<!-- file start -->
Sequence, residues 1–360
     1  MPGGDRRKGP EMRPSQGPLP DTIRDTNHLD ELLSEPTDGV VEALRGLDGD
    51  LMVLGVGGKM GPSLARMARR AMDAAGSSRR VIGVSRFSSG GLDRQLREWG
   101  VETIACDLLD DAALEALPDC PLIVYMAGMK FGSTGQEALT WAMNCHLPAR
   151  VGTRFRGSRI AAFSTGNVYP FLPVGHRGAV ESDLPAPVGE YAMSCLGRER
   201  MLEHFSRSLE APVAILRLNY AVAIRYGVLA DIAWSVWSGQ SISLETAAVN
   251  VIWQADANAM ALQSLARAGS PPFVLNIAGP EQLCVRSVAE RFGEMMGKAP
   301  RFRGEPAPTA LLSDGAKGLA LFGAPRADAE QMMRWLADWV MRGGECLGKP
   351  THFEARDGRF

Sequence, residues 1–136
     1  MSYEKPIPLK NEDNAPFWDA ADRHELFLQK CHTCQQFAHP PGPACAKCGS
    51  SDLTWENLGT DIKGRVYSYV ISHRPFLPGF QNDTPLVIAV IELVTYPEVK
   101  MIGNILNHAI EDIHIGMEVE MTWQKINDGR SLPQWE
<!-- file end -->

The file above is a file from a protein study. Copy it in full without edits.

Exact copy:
Sequence, residues 1–360
     1  MPGGDRRKGP EMRPSQGPLP DTIRDTNHLD ELLSEPTDGV VEALRGLDGD
    51  LMVLGVGGKM GPSLARMARR AMDAAGSSRR VIGVSRFSSG GLDRQLREWG
   101  VETIACDLLD DAALEALPDC PLIVYMAGMK FGSTGQEALT WAMNCHLPAR
   151  VGTRFRGSRI AAFSTGNVYP FLPVGHRGAV ESDLPAPVGE YAMSCLGRER
   201  MLEHFSRSLE APVAILRLNY AVAIRYGVLA DIAWSVWSGQ SISLETAAVN
   251  VIWQADANAM ALQSLARAGS PPFVLNIAGP EQLCVRSVAE RFGEMMGKAP
   301  RFRGEPAPTA LLSDGAKGLA LFGAPRADAE QMMRWLADWV MRGGECLGKP
   351  THFEARDGRF

Sequence, residues 1–136
     1  MSYEKPIPLK NEDNAPFWDA ADRHELFLQK CHTCQQFAHP PGPACAKCGS
    51  SDLTWENLGT DIKGRVYSYV ISHRPFLPGF QNDTPLVIAV IELVTYPEVK
   101  MIGNILNHAI EDIHIGMEVE MTWQKINDGR SLPQWE